The ear is only a petal
that grows from the heart.
When we hear each other,
it all becomes a garden.
Just what does it mean to listen? We have all exhibited the remarkable mental dividedness whereby we choose not to pay attention, and yet when asked, we can recite word for word what was said.
Listening arises from a deeper place, and it seems we can only hear the living to the extent that we have truly lived, only understand pain and joy to the extent that we have allowed ourselves to be touched by life. If the ear grows from the heart like a petal, then as roots absorb rain and sun until a simple flower opens, the heart must absorb both tears and joy in order to sprout an ear that can truly hear.
I remember, years before cutting my feet in search of a path, sitting on my immigrant grandmother's hospital bed, watching her wince as they put gauze on her bedsore heels. I remember, years before I saved my golden retriever from drowning, watching a coworker cry for his dead dog, trying to understand how he could love an animal more than a person. I remember, years before having to start my life over, racing down a farmhouse road in the middle of the night to see my father-in-law's proud eyes jut as the barn he built thirty years before was burning to the ground.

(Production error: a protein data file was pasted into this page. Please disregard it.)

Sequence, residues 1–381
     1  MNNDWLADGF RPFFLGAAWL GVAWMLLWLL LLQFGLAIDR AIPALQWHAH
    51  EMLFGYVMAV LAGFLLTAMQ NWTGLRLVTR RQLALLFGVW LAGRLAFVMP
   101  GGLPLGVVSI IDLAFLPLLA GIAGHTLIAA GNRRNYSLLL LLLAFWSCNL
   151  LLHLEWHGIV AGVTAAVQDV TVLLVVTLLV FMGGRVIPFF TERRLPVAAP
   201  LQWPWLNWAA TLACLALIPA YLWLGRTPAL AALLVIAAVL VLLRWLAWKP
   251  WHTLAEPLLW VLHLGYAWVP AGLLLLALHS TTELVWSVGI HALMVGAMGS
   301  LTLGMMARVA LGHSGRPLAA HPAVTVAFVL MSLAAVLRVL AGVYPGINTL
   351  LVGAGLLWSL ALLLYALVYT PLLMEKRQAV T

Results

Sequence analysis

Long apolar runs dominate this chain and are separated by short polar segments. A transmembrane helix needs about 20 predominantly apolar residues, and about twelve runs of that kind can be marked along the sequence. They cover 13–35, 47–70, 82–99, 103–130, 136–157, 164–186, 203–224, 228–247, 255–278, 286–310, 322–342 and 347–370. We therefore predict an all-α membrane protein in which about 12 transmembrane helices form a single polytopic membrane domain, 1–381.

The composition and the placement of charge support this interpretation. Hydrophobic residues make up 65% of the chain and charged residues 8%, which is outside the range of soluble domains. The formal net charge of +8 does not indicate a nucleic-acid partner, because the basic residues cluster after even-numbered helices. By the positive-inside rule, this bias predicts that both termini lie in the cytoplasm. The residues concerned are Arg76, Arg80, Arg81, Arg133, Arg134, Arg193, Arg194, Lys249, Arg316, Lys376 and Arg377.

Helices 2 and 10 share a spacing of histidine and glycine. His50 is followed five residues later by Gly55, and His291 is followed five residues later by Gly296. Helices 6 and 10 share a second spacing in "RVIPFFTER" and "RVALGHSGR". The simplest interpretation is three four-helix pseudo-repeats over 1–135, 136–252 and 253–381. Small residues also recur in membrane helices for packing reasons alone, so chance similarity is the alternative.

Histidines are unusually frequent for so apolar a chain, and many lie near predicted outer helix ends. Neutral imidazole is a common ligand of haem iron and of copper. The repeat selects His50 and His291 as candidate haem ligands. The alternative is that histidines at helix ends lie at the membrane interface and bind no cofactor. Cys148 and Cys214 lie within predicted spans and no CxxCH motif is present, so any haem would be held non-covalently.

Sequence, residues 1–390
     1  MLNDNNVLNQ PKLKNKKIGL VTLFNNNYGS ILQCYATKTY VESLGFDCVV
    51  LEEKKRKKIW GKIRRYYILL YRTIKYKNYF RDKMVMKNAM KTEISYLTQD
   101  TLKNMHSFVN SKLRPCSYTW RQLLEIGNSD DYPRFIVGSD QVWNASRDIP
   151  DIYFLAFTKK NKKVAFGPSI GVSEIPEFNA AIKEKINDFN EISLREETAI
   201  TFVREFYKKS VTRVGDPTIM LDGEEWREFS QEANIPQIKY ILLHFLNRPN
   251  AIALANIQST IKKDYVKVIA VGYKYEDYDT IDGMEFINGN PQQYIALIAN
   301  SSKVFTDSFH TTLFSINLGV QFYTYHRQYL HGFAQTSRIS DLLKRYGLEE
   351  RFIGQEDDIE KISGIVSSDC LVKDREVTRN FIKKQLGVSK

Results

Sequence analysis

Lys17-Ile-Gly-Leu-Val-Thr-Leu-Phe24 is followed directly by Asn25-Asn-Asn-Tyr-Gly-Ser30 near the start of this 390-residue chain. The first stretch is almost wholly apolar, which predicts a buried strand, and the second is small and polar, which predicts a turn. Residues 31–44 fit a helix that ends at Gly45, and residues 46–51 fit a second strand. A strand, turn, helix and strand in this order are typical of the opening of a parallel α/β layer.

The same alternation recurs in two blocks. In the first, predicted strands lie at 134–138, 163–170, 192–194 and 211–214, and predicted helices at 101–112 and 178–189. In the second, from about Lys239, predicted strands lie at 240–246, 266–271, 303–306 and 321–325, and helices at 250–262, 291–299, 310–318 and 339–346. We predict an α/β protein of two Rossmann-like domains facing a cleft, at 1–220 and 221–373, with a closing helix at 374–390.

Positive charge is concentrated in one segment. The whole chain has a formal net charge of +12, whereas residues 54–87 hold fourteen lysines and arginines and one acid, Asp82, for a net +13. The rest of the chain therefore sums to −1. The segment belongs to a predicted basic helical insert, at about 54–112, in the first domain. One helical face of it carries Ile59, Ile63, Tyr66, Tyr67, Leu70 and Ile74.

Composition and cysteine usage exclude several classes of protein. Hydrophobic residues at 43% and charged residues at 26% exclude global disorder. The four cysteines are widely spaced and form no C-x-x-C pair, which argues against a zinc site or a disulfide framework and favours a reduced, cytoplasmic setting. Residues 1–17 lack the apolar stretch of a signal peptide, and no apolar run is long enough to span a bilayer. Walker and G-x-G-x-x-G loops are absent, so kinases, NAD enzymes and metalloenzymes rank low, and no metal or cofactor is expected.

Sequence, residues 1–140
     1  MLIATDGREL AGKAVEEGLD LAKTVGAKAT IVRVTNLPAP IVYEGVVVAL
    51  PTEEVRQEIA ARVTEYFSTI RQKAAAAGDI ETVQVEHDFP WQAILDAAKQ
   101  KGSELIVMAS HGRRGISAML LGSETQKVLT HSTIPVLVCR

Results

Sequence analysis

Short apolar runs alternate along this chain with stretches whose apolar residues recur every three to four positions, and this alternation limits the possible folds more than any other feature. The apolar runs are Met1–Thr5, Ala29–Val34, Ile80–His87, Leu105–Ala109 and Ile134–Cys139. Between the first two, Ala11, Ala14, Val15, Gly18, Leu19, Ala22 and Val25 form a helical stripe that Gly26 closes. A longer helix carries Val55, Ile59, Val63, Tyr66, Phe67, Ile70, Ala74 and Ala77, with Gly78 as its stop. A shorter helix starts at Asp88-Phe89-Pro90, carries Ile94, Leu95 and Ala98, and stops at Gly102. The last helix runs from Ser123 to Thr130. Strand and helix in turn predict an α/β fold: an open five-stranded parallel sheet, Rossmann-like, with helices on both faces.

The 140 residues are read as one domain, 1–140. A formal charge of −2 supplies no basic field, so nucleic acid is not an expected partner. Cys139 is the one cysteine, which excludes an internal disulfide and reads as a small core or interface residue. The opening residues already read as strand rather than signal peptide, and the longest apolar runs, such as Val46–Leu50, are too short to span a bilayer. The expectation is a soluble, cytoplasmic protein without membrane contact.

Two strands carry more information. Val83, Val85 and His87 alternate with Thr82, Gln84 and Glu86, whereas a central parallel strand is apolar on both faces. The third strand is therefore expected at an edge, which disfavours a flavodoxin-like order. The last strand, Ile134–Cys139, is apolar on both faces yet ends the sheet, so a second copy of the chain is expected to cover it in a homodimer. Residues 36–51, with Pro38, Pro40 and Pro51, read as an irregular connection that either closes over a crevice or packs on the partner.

It was only later that I felt their pain, and even more, their true joy in caring for these things. To be sure, we do not have to experience the same things to receive each other, but we do have to experience what is ours to live through before life will show its roots.
What does it take to truly listen? The breakdown of everything that parades between our hearts. If I dare to hear you, I will feel you like the sun and grow in your direction, and you in mine. For when we hear each other, it all becomes a garden. It all becomes edible.
- Mark Nepo
The Book of Awakening: Having the Life You Want
by Being Present to the Life You Have